Sports Medicine
A Crucial Period
Good Pain, Bad Pain
On Your Knees
Secondary Injuries
Imaging Technology
What's Sciatica?
The Female Athlete
Putting Your Feet First
Itis Schmitis
Too Much, Too Soon
Under the Influence
What's Goin' On?
Think Inches, Not Pounds
Preventing Vaginitis
That Painful Pull
Athlete's Heart
Exercise & Arthritis
Chilled to the Bone
Measuring Body Fat
Exercise and Your Breasts
Choosing a Sports Doctor
Lean on Me (Shoulder)
Exercise & Anemia
Exercise Abuse
Pelvis Sighting
Hand Aid
It's All in the Wrist
Back in Action
Altitude Adjustment
Tennis Elbow, Anyone?
Exercising in the Heat
Agony of the Feet
Restless Legs
Night Time Cramps
Birth Control Concerns
No Periods, No Babies?
Post Partum Prescription
Weight Loss Mystery
Undesirable Cooldown
To Brew Or Not To Brew
Fitness After Baby
Biking and Back Pain
Swimmer's Shoulder
A Hidden Athlete
Avoiding Osteoporosis
Drug Testing
Maximum Heart Rate
Headway Against Headaches
Torn Rotator Cuff
Fat Figures
Bloody Urine
Sag Story
Lackluster Leg
Bothersome Bulge
Gaining in Years
Taking It On the Shin
Aching Ankles
Hoop Help
Tender Toes
Meals For Muscle
Growing Pains
Hot Tips
High Altitude PMS
Personal Bests
Air Pollution
Ankle Blues
Heartbreak Heel
Yeast Relief

Exercise and Air Pollution


The long-term health effects of exposure to polluted air are not yet known. Preliminary studies suggest there may be some permanent reduction in lung function from high-level exposure. All of us can encourage coaches and race directors to schedule training and events at times to minimize ozone exposure. Dr. Gong at UCLA advises athletes not to exercise if the ozone concentration is .20 ppm or greater.

Other pollutants

Sulfur dioxide is produced by the combustion of sulfur-containing fuels (coal and oil), and affects asthmatics more than other people. Symptoms are worse in cold air, but pretreatment with inhaled bronchodilators (albuterol) or allergy modifiers (cromolyn) lessens the airflow restriction. These medications do not seem to help nonasthmatics.

Nitrogen dioxide from fuel combustion and cigarette smoking is a precursor to ozone and reacts with water to form nitrous acid (N02). It is responsible for the brown color and pungent odor of smog. The health standard is set at .05 ppm averaged over a year.

Exercise studies done at .5 - 1.0 ppm, mimicking high levels of outdoor pollution, have found only slight changes in lung function, and researchers have so far concluded that nitrogen dioxide is not dangerous for outdoor exercise.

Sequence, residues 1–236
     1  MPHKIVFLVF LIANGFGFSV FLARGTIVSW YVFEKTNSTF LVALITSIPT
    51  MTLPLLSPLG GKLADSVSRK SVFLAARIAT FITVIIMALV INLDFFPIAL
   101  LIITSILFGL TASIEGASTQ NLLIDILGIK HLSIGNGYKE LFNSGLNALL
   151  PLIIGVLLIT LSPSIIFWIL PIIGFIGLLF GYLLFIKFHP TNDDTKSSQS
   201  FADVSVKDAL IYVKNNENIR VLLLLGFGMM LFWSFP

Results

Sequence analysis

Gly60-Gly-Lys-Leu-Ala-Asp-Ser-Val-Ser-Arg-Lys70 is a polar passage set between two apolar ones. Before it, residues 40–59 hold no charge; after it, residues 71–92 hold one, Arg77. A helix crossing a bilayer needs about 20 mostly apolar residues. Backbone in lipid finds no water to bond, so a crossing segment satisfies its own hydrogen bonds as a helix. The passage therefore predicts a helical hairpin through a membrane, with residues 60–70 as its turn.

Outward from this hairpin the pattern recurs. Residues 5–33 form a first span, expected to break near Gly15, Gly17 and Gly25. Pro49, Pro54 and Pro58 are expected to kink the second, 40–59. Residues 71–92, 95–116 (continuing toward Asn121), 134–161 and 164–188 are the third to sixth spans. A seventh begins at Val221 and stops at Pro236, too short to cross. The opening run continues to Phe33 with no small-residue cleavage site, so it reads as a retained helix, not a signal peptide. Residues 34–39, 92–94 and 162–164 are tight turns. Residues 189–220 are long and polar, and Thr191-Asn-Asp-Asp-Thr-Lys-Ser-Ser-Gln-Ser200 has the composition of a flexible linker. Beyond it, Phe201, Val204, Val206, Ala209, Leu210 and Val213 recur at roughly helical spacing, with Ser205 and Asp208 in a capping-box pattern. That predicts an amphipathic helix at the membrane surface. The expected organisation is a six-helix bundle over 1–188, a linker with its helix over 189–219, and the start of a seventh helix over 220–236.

However, concentrations of 1.0 ppm or higher in indoor settings produce respiratory dysfunction. High levels of nitrogen dioxide and outbreaks of respiratory illness have been reported in industrial settings and in indoor ice rinks. In the latter, the source was a malfunctioning engine of the ice resurfacer.

Polluted air can also contain a variety of particulates. These are visible as soot, dust or smoke. They contain airborne pollens, molds, sulfuric acid and lead. Asthmatics appear to be more sensitive to particulates; other people increase mucus production and may cough, but seem to have no significant short-term impairment of lung function. Long-term exposure, however, is very difficult to research, and its effects are generally not known.

More is known about carbon monoxide.

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Table of Contents

Foreword: Billie Jean King

Comments by Barb Harris
Editor in Chief,
Shape Magazine

General Health
Common Medical Problems
Dental Health
Infectious Disease
Sexual Health
Emotional Well-Being
Eating Disorders
Alcohol & Other Drugs
Environmental Health

The information in this web site is for educational purposes only and is not providing medical or professional advice. It should not be used for diagnosing or treating a health problem or disease. It is not a substitute for professional medical care. If you have or suspect you might have any health problems, you should consult a physician.

Copyright 2000 - Sports Doctor, Inc.